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LOS ANGELES -- Ramping up the fight against counterfeit smokes, tobacco giant Philip Morris is preparing to sue about 1,500 additional Los Angeles-area merchants, along with importers it says were caught illegally trying to sneak millions of fake Marlboros through Long Beach Harbor. In a case to be filed in U.S. District Court in Los Angeles as early as Monday, company officials said they would bring claims of trademark infringement against local retailers who recently sold knockoff Marlboros to an army of undercover buyers, reports the Los Angeles Times
And for the first time since it launched the legal assault last year, Philip Morris also plans to sue five import businesses linked to recent U.S. Customs seizures of about 43 million phony Marlboros, or 2.15 million packs. The company said its claims against the importers stem from six customs seizures, one of a shipment from South Korea and five from China, where an estimated 85 percent of counterfeit cigarettes are produced. Company officials declined to identify the firms.
In suing the importers, Philip Morris is aiming for much higher links in the supply chain than the mostly mom-and-pop retailers who have been targeted so far.
In a meeting with reporters in New York Friday, Jack Holleran, senior vice president, compliance and brand integrity, said the tobacco company is going to go on the offensive to snuff out tobacco contraband.
"For every pack of counterfeit cigarettes sold, a pack of genuine cigarettes is not being sold," Holleran said. "This has a big impact on revenue for federal and state governments." He said society is always impacted negatively by any illegal activity.
Holleran called for retailers to know their cigarette suppliers well and to buy only from reliable wholesalers, not from suppliers operating outside the distribution system with hard-to-resist price deals. He said retailers should report any suspected contraband activity.
Eager to guard the immense cash flow from its powerhouse brand, Philip Morris has sued hundreds of tobacco retailers in a nationwide dragnet featuring undercover buys at thousands of stores. But though the counterfeits have been a mere trickle in many parts of the country, they appear to be flooding the California market, particularly the Los Angeles area.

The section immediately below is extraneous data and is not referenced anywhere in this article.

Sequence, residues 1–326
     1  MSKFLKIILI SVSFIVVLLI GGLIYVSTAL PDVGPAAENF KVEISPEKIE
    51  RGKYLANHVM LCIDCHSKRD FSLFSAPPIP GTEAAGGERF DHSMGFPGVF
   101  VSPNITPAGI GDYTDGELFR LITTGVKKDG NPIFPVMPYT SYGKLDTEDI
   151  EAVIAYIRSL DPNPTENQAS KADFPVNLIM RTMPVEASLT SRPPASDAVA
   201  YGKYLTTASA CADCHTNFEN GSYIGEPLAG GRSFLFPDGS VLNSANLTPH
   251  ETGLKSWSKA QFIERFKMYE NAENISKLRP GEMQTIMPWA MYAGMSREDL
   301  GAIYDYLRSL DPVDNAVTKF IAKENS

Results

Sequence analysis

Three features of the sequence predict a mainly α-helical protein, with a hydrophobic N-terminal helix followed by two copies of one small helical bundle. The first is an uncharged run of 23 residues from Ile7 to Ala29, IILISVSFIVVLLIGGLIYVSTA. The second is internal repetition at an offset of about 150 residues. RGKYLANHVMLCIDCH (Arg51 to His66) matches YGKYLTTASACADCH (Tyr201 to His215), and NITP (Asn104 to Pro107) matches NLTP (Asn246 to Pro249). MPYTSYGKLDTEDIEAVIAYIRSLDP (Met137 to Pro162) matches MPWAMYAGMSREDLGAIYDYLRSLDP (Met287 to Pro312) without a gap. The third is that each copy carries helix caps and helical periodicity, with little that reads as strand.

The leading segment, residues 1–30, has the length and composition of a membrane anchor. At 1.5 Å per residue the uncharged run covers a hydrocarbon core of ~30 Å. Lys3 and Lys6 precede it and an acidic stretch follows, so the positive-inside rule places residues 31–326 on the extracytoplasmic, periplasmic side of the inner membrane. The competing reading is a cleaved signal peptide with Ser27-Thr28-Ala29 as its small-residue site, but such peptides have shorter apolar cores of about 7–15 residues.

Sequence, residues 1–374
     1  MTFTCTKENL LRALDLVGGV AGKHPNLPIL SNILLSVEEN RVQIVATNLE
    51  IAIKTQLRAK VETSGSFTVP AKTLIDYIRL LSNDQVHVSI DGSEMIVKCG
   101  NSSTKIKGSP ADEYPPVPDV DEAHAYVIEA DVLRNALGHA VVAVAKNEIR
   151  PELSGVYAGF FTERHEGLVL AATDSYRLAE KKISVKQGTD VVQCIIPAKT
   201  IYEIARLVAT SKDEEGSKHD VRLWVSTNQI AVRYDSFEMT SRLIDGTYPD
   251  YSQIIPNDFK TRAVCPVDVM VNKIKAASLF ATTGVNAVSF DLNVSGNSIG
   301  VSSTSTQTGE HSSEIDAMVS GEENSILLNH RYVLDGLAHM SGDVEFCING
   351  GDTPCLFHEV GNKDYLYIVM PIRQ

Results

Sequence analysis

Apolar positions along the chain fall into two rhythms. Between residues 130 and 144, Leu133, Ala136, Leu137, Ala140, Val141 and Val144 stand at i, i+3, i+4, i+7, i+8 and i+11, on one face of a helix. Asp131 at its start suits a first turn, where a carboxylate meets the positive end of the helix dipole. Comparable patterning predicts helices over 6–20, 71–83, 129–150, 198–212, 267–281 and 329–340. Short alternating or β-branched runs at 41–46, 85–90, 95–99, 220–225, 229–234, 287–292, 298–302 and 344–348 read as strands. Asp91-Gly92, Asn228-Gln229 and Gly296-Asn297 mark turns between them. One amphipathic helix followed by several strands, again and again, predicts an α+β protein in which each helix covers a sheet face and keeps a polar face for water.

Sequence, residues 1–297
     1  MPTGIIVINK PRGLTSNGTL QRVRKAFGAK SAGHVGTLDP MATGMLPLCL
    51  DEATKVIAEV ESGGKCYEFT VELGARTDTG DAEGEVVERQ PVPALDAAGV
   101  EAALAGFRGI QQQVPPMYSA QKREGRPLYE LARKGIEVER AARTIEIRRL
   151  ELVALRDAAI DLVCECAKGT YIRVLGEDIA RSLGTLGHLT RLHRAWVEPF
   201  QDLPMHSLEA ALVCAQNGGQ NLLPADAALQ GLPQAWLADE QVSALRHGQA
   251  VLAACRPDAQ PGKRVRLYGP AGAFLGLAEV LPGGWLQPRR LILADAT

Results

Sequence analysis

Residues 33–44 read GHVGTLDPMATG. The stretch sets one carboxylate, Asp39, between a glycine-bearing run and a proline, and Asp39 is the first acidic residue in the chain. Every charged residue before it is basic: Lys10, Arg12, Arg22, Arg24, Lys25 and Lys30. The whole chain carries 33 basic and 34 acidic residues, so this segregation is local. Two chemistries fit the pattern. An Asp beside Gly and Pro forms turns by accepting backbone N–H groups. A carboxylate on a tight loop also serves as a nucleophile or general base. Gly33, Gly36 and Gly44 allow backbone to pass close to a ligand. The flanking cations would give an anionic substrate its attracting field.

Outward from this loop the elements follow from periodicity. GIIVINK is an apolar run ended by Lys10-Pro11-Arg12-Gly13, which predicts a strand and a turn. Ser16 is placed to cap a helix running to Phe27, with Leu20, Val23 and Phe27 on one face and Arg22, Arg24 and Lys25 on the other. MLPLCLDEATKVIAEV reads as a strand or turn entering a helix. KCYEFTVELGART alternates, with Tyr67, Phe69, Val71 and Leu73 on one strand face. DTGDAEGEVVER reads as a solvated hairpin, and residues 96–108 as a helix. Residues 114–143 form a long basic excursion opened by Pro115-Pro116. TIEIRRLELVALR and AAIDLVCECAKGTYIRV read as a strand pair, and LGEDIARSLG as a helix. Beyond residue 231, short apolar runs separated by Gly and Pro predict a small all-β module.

To date, suits have been filed against 612 defendants -- 608 tobacco retailers and four distributors. Of the defendants, 566, or more than 90 percent, are California firms, including 356 in Greater Los Angeles, said Jack Holleran, Philip Morris vice president for brand integrity, the Times report said. The new filings will bring the cast of defendants to more than 2,100, about 1,850 of them in the Southland.
Holleran said that over the last several months, undercover buys have been made at 11,700 Los Angeles-area stores -- meaning that nearly one in six was stocking counterfeit smokes. He acknowledged that figure might not reflect the full scope of counterfeit sales, because fakes also may be sold by street vendors or from the back of vans.
Philip Morris has hired an army of investigators, including some from Pinkerton Consulting & Investigations Inc., to make the buys. Counterfeiters target Marlboro because it is the best-selling brand in the United States and the world. Marlboro commands a 38 percent share of the U.S. market and generated about $25 billion in retail sales last year, including taxes.
Lorillard Tobacco Co. is also trying to stamp out counterfeit versions of its Newport cigarettes. In recent months the company has sued about 75 retailers in five states, said Steve Watson, Lorillard vice president. At least 26 of the defendants are Los Angeles-area stores.
State and federal treasuries have been major victims because counterfeit rings don't bother to pay cigarette taxes, often covering their tracks with fake tax stamps.
In California, each pack of contraband smokes represents a tax loss of about $1.81 -- the federal cigarette excise tax of 39 cents, the California tax of 87 cents, and about 55 cents to the states as part of the tobacco industry's settlement of lawsuits by attorneys general. California is losing as much as $270 million a year to various cigarette tax-evasion schemes, said Gil Haas, chief of investigations for the State Board of Equalization. Most of the loss stems from the use of phony tax stamps on both counterfeit and genuine brands, the report said.
In the cases filed so far, Philip Morris has not sought economic damages. Rather it has squeezed retailers for information about their suppliers and for a pledge not to sell counterfeits again. Despite the wide availability of fake Marlboros, Holleran said the company's legal strategy is working. Of a group of 400 retailers who had been caught selling counterfeits, he said follow-up buys showed that 85 percent were selling the real thing. Of 43 retailers who signed settlement agreements -- including a pledge to refrain from counterfeit sales -- he said none was found to be selling fakes.